96. Therefore, examples of listed securities for the purposes of paragraph 66(2)(a) include shares, bonds, debentures, units and interests in managed investment schemes that are listed on the Australian Securities Exchange.

An approved stock exchange

97. To determine whether a stock exchange is an approved stock exchange for the purposes of section 470 of the ITAA 1936 it is necessary to refer to Regulation 152I of the Income Tax Regulations 1936 and consequently Schedule 12 to the Regulations which lists approved stock exchanges for the purposes of section 470 of the ITAA 1936. Accordingly, an 'approved stock exchange' for the purpose of section 470 of the ITAA 1936 includes domestic stock exchanges such as the ASX Limited, the Bendigo Stock Exchange Limited and the Stock Exchange of Newcastle Limited and also stock exchanges from many other countries, for example, the New York Stock Exchange and the London Stock Exchange.

Example 3 - In-specie contribution of listed shares

98. Nadia, a member of Aidan SMSF, owns shares listed on the ASX. Nadia wants to transfer these shares to the SMSF as a contribution. The shares held by Nadia are a listed security as defined in subsection 66(5).

99. The trustee or investment manager of the Aidan SMSF can accept a contribution of Nadia's shares without contravening subsection 66(1) if the shares are treated as a contribution equal to the market value of those shares: paragraph 66(2)(a).

The requirement in paragraph 66(2A)(a) that the acquisition of an asset 'constitutes an investment'

100. Paragraph 66(2A)(a) provides that subsection 66(1) does not prohibit the acquisition of an asset from a related party of the SMSF if the acquisition of the asset 'constitutes an investment' that is either an in-house asset within the meaning of subsection 71(1) or is excluded from being an in-house asset under certain paragraphs of subsection 71(1) or under certain transitional provisions.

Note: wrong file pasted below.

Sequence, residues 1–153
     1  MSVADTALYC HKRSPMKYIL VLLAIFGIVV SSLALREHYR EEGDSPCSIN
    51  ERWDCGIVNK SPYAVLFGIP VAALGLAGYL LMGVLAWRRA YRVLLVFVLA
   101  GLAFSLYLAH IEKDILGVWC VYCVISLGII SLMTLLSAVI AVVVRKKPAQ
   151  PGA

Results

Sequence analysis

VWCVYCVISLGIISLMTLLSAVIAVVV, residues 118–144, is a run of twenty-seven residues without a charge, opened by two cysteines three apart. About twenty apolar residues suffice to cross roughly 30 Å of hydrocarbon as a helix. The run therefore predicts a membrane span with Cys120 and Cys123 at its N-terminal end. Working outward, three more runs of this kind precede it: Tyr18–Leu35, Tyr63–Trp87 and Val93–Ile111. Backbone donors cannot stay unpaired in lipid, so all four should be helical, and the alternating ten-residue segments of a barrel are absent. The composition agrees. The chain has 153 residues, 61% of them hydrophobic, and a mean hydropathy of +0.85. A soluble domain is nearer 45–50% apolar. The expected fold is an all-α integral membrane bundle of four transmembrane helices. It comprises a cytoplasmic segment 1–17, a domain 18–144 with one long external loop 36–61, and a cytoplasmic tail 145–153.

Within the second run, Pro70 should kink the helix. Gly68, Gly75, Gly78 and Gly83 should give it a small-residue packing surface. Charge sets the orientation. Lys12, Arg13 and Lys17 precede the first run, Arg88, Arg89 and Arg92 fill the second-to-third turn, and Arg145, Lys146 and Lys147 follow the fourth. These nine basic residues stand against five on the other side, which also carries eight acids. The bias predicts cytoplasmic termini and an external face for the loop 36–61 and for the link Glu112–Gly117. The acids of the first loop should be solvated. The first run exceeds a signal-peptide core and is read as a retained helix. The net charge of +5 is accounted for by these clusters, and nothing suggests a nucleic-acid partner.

Contribution of an in-house asset

101. It is the Commissioner's view that an acquisition of an asset by way of acceptance of a contribution of that asset can 'constitute an investment' for the purposes of satisfying paragraph 66(2A)(a). This follows from the interaction of subsections 66(2A) and 71(1). For example, if a member of an SMSF contributes shares held in a related company of the SMSF, those shares upon acquisition are an investment in a related party and are therefore in-house assets of the SMSF under subsection 71(1). It therefore follows for the purposes of subparagraph 66(2A)(a)(i) that upon contribution of the shares there is an acquisition of an asset that constitutes an investment that is an in-house asset of the SMSF within the meaning of subsection 71(1).

102. Subsection 66(1) does not apply to prohibit the contribution if the in-house asset is acquired at market value[92] (see paragraphs 87 to 91 of this draft Ruling) and the acquisition of the shares does not result in the SMSF's in-house assets exceeding the 5% market value ratio of in-house assets.[93]

Contribution of an asset that is excluded from being an in-house asset under paragraphs 71(1)(b), (c), (d), (e), (f), (h) or (j)

103. If a related party makes a contribution of an asset that is specifically excluded from being an in-house asset of the SMSF under certain paragraphs of subsection 71(1), that asset upon contribution similarly constitutes an investment of the SMSF. For example, if a trustee or investment manager accepts a contribution of units in a widely held unit trust this is an investment in a widely held unit trust for the purposes of paragraph 71(1)(h). It therefore follows for the purposes of subparagraph 66(2A)(a)(iv) that upon contribution of the units there is an acquisition of an asset that constitutes an investment that is referred to in paragraph 71(1)(h).